Then again in the 8th inning, Upton lead-off the inning with a infield single to short that Rollins could not make a play on in time to get the speedy Upton. With no outs in the inning, it was only a matter of time before Upton tried to steal another base tonight. On the 2nd pitch to Longoria, Upton again stole second for his second swipe of the night.
He then waited 2 more pitches then tried to steal third base, and got in safe, but he kicked the ball towards the Rays dugout and came in to score on the throwing error by Phillies catcher Carlos Ruiz. that knotted the score at 4-4. The play helped Upton steal an amazing 3 base tonight to tie a World Series record.
Last Chance for the Rays
In the bottom of the 9th inning, the score was still tied 4-all, with the Phillies getting the last at bats in the game. J P Howell remained in the game and got a 2-1 count on Eric Bruntlett before he hit him with a pitch. Howell was then relieved by Grant Balfour in the game.
Balfour then had a 1-1 count on him before he unleashed a Wild Pitch that went to the backstop and came right back to Dioner Navarro. He then tried to get Bruntlett, who was heading to second on the steakl, but the ball sailed to the right of Jason Bartlett and bounced into centerfield for an error on Navarro.
Balfour then intentionally walked Shane Victorino. Gregg Dobbs then came up as a pinch hitter and was also Intentionally walked to load the bases. At this time, Rays Manager Joe Maddon came out and instituted his 5-man infield formation with Ben Zobrist manning up the middle of the infield. Upton and Carl Crawford were playing shallow right-center and left respectfully.
Ruiz then came up and took the count to 2-2 before putting a slow moving grounder down the third baseline that Longoria fielded. He then tried to toss it over Bruntlett, who was racing for home, but the ball sailed beyond Navarro’s reach and the Phillies won on that play.
Bruntlett did the right thing by running inside of the baseline towards the plate to take away any possible throw from the infield. the ball would have to have been a perfect lob just over his shoulder to get him at the plate.
Carl Crawford also had Some Magic Tonight
Crawford came into the game wanting to be more of an offensive threat for the Rays. He ended up going 2-4 on the night, with 2 runs scored. In the top of the 2nd inning, Crawford lead off with a blooper single into left that was tailing away from Burrell the enitre time it was in the air. the ball fell a foot from him and Crawford slid into second with a double on the play.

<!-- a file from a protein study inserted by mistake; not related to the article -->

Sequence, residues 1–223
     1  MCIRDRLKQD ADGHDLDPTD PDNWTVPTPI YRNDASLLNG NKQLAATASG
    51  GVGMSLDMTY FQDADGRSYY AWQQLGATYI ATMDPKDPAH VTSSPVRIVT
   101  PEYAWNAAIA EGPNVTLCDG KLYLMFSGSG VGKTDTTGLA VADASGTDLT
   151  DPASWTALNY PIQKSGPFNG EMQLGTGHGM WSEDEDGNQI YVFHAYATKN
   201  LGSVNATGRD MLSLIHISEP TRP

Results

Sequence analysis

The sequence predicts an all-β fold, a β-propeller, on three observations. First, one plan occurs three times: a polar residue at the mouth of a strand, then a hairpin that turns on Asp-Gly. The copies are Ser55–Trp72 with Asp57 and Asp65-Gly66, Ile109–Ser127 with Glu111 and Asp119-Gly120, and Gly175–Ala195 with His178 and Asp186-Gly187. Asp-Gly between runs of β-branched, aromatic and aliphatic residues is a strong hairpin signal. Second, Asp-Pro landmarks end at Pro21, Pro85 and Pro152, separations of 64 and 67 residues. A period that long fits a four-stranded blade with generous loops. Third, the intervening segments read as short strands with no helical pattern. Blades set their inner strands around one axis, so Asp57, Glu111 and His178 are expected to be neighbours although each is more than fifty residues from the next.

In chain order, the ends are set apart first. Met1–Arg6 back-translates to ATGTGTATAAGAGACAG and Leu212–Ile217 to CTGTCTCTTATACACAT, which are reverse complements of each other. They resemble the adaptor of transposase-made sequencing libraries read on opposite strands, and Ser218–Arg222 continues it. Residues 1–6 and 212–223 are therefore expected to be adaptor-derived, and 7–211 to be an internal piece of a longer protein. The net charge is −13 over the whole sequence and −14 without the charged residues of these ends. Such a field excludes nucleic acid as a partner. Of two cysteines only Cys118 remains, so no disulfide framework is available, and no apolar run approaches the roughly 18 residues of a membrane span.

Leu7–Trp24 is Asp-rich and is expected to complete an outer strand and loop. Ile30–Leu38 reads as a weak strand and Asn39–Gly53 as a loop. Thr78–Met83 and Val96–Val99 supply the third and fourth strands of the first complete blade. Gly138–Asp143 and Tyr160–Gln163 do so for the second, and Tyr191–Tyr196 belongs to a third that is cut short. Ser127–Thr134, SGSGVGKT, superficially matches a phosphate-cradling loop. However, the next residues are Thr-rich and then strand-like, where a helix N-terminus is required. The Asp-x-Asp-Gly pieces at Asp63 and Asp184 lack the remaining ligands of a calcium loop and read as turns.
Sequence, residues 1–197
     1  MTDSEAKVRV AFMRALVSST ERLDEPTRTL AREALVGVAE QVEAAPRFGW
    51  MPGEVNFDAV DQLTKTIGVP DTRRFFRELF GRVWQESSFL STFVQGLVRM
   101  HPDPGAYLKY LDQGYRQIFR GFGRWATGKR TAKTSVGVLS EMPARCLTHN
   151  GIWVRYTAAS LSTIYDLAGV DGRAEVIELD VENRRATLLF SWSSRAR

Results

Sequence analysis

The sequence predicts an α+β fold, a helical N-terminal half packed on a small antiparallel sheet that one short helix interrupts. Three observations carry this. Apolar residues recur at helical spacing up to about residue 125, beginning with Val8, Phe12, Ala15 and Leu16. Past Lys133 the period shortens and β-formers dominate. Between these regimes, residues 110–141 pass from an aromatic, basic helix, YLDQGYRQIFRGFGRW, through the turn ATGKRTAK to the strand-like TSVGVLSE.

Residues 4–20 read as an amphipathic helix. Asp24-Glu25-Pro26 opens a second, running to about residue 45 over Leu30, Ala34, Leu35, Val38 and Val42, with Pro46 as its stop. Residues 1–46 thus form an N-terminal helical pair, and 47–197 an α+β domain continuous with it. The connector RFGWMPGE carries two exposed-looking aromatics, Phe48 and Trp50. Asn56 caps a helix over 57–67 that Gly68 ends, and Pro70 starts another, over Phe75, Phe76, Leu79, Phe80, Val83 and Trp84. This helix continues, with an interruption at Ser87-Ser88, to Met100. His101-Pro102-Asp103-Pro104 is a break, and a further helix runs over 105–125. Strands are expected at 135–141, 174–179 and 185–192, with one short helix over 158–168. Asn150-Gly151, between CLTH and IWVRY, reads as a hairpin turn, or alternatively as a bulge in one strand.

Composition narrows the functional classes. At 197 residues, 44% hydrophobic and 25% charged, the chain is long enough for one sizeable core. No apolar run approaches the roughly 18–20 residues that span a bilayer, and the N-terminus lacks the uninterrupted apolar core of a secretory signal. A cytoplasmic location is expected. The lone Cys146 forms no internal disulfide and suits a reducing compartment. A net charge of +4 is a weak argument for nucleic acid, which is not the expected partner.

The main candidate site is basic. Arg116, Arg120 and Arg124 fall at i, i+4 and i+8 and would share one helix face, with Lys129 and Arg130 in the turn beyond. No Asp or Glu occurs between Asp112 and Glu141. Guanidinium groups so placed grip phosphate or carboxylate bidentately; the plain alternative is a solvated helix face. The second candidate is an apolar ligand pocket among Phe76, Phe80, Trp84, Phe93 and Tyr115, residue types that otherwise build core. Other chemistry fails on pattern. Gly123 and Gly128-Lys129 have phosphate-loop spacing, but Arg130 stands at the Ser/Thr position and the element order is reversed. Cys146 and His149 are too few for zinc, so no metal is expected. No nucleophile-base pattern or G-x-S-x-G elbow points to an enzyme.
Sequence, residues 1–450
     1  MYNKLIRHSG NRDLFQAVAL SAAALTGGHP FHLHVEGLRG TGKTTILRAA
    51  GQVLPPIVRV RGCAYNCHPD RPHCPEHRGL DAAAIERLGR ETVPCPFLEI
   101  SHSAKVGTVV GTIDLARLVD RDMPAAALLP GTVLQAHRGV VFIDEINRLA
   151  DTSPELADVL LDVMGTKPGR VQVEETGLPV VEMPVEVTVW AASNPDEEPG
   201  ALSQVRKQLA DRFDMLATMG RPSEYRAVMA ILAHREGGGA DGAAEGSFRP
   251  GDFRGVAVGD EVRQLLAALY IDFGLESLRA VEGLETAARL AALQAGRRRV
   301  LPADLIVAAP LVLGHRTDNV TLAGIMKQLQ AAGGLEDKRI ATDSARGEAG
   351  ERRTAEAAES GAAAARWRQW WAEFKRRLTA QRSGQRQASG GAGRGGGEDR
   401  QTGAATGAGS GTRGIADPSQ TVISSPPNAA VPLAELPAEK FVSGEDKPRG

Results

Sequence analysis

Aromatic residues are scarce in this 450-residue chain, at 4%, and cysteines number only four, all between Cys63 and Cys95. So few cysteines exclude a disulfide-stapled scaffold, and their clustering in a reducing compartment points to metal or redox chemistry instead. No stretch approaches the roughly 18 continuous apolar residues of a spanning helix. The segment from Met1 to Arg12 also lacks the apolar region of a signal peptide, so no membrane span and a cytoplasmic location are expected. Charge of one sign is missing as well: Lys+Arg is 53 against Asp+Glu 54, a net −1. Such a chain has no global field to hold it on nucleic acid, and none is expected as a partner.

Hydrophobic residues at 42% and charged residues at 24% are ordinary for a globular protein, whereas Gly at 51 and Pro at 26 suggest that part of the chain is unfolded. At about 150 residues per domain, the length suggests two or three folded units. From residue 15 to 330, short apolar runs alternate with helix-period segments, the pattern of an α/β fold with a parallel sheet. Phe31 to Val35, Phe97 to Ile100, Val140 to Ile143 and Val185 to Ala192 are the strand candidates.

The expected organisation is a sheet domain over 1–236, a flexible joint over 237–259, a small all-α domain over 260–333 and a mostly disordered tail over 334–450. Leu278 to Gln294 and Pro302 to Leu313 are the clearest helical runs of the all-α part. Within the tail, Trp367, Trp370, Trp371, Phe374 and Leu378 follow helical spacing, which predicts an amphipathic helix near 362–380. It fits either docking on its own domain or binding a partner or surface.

Crawford then made his presence know on the bases by stealing third on the 2nd pitch to Gabe Gross. For the playoffs, Crawford is a perfect 7 for 7 stealing bases. 3 pitches later, Gross hit a sacrifice fly to deep right center to score Crawford and tie the game up 1-all. In the 7th inning, Crawford lead off the inning with a bunt to the right side of the infield that could not be handled by Moyer in time.
Navarro then came up and hit a double to put both men in scoring position with no outs in the inning. Gross then hit a ball deep behind first base that Howard had to stab and Crwford walked in to score for the Rays.
Jason Bartlett then hit a grounder to short that Rollins had to throw to first and Navarro scored to make it a 1-run game, 4-3 Phillies. Crawford and Navarro tonight had 4 of the Rays 6 hits on the night. They also scored 3 of the Rays 4 runs in the game.
Tonight was one of those good news, bad news kind of nights for Navarro. He had a hot bat at the plate, but had a few situations behind the dish that cost the Rays some runs, and put some dangerous people in scoring position. In the 1st inning, there was a Wild Pitch by Garza that darted away from Navarro after hitting the thumb section of his catcher’s mitt. It moved 2 runners into scoring position for the Phillies. the good news is only 1 run scored in the inning, and the Rays were only down 1-0 at the time.
In the 3rd inning, Navarro made a perfect throw onto the glove of Iwamura that he easily tagged out Rollins trying to steal seond base. It came down in the perfect spot to tag his lead hand before it hit the bag. And in the 8th inning, Navarro called for a pick-off play at second on Werth and got him leaning hard towards third base. J P Howell put a strike into Bartlett who got Werth by a foot.
In the 9th inning, Navarro had no chance on the outside pitch by Grant Balfour that went to the backstop. The ball looked like it was about to hit Shane Victorino, but broke heard at the last moment and went beyond Navarro. On the winning play in the 9th inning, Navarro could do nothing but stand on the plate as the ball as the ball sailed a good 5 feet above him for the winning run.